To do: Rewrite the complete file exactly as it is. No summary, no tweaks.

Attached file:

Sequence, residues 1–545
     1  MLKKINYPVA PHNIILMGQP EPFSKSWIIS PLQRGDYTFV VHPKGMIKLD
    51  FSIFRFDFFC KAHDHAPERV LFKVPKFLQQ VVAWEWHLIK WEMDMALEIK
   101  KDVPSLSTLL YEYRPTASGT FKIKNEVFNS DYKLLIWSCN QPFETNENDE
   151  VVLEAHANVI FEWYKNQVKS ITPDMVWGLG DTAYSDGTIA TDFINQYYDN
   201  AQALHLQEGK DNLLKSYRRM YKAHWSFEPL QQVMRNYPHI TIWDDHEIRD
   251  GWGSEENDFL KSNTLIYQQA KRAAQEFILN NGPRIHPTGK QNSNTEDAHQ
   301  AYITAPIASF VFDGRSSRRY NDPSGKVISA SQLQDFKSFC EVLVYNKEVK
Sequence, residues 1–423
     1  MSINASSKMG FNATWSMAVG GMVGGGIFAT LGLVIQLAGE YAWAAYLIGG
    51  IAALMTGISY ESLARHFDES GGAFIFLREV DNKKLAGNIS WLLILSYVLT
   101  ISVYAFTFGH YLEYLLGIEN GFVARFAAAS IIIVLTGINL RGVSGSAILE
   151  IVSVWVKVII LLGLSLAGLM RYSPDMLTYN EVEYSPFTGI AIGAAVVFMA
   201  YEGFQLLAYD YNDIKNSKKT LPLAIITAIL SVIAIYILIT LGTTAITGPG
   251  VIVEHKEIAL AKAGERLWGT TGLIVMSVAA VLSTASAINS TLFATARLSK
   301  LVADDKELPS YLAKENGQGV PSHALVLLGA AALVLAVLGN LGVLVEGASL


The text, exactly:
Sequence, residues 1–545
     1  MLKKINYPVA PHNIILMGQP EPFSKSWIIS PLQRGDYTFV VHPKGMIKLD
    51  FSIFRFDFFC KAHDHAPERV LFKVPKFLQQ VVAWEWHLIK WEMDMALEIK
   101  KDVPSLSTLL YEYRPTASGT FKIKNEVFNS DYKLLIWSCN QPFETNENDE
   151  VVLEAHANVI FEWYKNQVKS ITPDMVWGLG DTAYSDGTIA TDFINQYYDN
   201  AQALHLQEGK DNLLKSYRRM YKAHWSFEPL QQVMRNYPHI TIWDDHEIRD
   251  GWGSEENDFL KSNTLIYQQA KRAAQEFILN NGPRIHPTGK QNSNTEDAHQ
   301  AYITAPIASF VFDGRSSRRY NDPSGKVISA SQLQDFKSFC EVLVYNKEVK
Sequence, residues 1–423
     1  MSINASSKMG FNATWSMAVG GMVGGGIFAT LGLVIQLAGE YAWAAYLIGG
    51  IAALMTGISY ESLARHFDES GGAFIFLREV DNKKLAGNIS WLLILSYVLT
   101  ISVYAFTFGH YLEYLLGIEN GFVARFAAAS IIIVLTGINL RGVSGSAILE
   151  IVSVWVKVII LLGLSLAGLM RYSPDMLTYN EVEYSPFTGI AIGAAVVFMA
   201  YEGFQLLAYD YNDIKNSKKT LPLAIITAIL SVIAIYILIT LGTTAITGPG
   251  VIVEHKEIAL AKAGERLWGT TGLIVMSVAA VLSTASAINS TLFATARLSK
   301  LVADDKELPS YLAKENGQGV PSHALVLLGA AALVLAVLGN LGVLVEGASL